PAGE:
Δευτέρα, 20 Μαΐου 2013

It’s a Mad Mad Mad Mad Cannes


Cannes is so many things at once it all but creates a dimension of its own. Simultaneously an art festival and a jumbo-sized machine for cranking out media buzz, it’s a red-carpeted stage for movie buffs, business folks and assorted wackos alike. Half-naked cuties traverse the beach, hardcore fans organize parties to celebrate the 40th anniversary of Troma studios (I just said hi to a Toxic Avenger), and tuxedoed civilians stand for hours hoping to get a ticket from a benevolent insider. It’s a frenzy, and it’s fun — but boy, do I need to get some sleep.

When you’re a journalist, Cannes is all about hierarchies. The press pass is free and quite easy to get. However, if you happen to be a rookie (as I was last year), you end up with the weakest badge of all: the dreaded yellow pass, which makes it hard to get into the most-awaited screenings. It also forces you to sit at the very top of the balcony, making the screen below so tiny you could practically hold it at the end of a toothpick. The more coverage you do, the more regularly you come and the bigger your publication, the better badge you get. Going up the ladder of importance, there’s blue, pink, pink one with a yellow dot and then the all-powerful white pass that reportedly helped Moses part the Red Sea.

No matter what your pass looks like, though, lines are always huge. This year, it doesn’t help that it’s been raining cats and dogs at Cannes for the past couple of days. Last night, I spent an hour and fifty minutes queuing up before the new Coen brothers movie, which was actually shorter than the time I stood in the rain, sheltered only partially by my raggedy old umbrella. The crowd was so tight, drips from adjoining umbrellas formed little waterfalls, one of which found its way straight under my jacket’s collar. It’s a good thing my film critic buddies were there to keep me company — at one point, we turned our shared predicament into a sing-a-long, starting out with selected verses of Billy Joel’s “Goodnight, Saigon” (“Yes we would all go down… together…”) and ending with a Sondheim marathon (“I’m Still Here” kicked off entire series).

Standing in lines forms bonds and enables new friendships. One of the great things about Cannes is that you can safely assume everyone around is at least as movie crazy as yourself, so it’s safe to open a conversation in a way that would normally earn you a slap in the face or a weird look at the very least (“Say, what do you make of the new Kiarostami?” is a terrible pick-up line anywhere except Cannes). And even if you have something less than seduction on your mind, you’re sure to leave the festival with more friendships you came here with. Most of the folks you won’t see until next year, but it doesn’t matter. Next time you’re here, you will bump into each other in front of Grand Théâtre Lumière and say: “Isn’t this just crazy? I almost didn’t make it to the new Jia Zhang-Ke!”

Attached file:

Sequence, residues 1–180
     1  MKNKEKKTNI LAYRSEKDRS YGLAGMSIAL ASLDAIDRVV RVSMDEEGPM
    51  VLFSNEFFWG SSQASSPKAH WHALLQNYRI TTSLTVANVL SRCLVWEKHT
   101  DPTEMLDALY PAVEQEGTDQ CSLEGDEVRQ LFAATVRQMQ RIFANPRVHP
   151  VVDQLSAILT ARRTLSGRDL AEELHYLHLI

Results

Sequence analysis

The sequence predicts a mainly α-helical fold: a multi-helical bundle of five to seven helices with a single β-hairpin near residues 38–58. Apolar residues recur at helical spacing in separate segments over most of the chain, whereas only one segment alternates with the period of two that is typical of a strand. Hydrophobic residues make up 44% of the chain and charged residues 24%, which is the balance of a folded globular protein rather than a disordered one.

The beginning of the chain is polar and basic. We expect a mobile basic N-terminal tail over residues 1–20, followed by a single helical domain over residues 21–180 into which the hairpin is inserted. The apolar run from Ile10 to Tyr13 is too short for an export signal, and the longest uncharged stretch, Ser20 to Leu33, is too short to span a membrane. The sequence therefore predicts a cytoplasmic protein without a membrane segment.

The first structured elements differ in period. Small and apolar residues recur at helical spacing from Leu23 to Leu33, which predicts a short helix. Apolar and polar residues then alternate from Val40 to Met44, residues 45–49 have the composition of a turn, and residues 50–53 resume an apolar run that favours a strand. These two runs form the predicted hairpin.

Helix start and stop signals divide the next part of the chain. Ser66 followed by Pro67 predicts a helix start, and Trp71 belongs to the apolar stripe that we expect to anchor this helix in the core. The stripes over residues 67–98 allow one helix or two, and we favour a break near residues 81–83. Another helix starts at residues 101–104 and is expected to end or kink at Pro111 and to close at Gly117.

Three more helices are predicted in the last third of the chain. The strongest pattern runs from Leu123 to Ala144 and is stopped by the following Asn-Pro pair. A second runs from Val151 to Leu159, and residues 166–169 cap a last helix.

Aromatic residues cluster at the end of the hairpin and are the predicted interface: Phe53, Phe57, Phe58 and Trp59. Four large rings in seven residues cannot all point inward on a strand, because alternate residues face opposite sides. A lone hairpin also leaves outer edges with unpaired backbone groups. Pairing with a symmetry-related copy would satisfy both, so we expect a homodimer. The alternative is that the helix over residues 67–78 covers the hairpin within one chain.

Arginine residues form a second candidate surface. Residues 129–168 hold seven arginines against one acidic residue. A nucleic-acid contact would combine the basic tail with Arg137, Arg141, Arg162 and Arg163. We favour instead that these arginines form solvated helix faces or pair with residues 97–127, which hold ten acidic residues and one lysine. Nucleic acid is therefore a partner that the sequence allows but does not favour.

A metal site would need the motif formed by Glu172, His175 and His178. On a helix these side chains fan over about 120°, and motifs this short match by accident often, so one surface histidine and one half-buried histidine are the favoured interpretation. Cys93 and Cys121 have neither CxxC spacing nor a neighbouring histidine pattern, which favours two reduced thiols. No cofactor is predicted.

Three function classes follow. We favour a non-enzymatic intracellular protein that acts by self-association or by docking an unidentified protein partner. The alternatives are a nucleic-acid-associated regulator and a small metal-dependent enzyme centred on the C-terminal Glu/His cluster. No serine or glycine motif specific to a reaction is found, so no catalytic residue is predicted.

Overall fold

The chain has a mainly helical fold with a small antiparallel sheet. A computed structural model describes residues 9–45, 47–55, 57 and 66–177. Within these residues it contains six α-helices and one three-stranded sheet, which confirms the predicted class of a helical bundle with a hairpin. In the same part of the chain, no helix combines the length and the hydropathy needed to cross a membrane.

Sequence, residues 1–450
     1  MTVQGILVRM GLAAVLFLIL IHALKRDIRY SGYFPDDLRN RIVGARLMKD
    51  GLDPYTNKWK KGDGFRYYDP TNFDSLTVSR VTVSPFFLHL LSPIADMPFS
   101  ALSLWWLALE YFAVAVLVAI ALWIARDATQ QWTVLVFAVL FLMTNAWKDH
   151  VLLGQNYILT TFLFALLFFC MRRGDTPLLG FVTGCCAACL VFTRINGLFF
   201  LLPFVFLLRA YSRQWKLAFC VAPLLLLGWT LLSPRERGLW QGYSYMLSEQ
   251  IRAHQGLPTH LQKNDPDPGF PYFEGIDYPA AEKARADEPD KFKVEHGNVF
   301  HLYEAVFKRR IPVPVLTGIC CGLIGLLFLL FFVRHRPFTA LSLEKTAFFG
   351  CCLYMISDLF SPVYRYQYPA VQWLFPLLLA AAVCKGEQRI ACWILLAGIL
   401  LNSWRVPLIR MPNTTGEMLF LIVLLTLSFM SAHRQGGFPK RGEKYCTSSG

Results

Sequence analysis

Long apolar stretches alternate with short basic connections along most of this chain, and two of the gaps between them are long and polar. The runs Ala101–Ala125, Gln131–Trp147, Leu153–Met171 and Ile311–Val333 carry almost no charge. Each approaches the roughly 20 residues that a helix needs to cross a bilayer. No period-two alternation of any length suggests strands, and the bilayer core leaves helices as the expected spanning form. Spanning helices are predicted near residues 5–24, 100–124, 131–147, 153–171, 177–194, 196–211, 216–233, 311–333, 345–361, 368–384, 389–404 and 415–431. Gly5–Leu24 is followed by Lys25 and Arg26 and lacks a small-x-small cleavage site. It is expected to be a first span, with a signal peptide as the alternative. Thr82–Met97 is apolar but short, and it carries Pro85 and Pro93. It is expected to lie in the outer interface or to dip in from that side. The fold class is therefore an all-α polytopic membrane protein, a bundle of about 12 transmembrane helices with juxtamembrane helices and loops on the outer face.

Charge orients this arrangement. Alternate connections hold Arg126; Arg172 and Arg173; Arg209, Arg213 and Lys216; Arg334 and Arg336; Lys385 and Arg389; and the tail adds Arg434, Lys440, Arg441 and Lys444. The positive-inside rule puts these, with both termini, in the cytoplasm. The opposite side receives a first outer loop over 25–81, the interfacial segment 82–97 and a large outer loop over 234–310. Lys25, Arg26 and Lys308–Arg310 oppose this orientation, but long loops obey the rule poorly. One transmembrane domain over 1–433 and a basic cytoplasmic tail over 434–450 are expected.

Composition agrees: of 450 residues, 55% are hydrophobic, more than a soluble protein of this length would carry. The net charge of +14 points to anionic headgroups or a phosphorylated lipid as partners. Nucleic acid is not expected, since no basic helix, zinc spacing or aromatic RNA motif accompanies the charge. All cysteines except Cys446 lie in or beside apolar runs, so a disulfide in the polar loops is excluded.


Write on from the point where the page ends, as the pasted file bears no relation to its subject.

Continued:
The ultimate goal for many is to make themselves visible at Cannes. To stand out is to earn a badge of honor that trumps all official colors. Costumed fan boys and girls aside, there’s a tribe of beautiful people looking their best and roaming the fest turf in the hope of being spotted by a big-time producer and play out “A Star is Born” in their real lives. Then, there are the hipsters and the fashionistas, as well as mutations of both. Just the other day I saw a gorgeous girl wearing stilettos at 11am, lining up for a screening and totally immersed in her copy of “On the Road,” the movie version of which played in last year’s competition. Talk about new cool.

After each screening, it’s time for a Twitter-palooza. Hundreds of minds share their first-time impressions, giving the movies their very first critical spin, which will stick for better or worse (unless there’s a backlash in opinions). Reviews are written in matter of minutes, opinions abound, and all this in the press office packed so tightly even the floor serves as a desk. It’s the closest thing to working in an old-fashioned news room and waiting for Cary Grant and Rosalind Russell to show up and trade verbal blows, before they yell "Stop the presses!"

As tiring as it is, it’s also a kind of heaven. Its denizens pride themselves on their exhaustion, but they all end up here the next year, and the next — possibly hoping for their pass to get bumped up to a flashier color. How can you not love a place in which reports of a stolen necklace are making news just like in the good old days of “To Catch a Thief”? Only yesterday a bitter letter from a Jerry Lewis-supporter and fan got leaked, and it felt like a real-life version of Martin Scorsese's “The King of Comedy.” As naughty, gaudy, bawdy and sporty as 42nd street used to be before the reign of Simba, Cannes is truly something else and it doesn’t give a damn if you love it or hate it, as long as you talk about it and keep the buzz going.

Cannes Classics: Tip of “Fedora” to You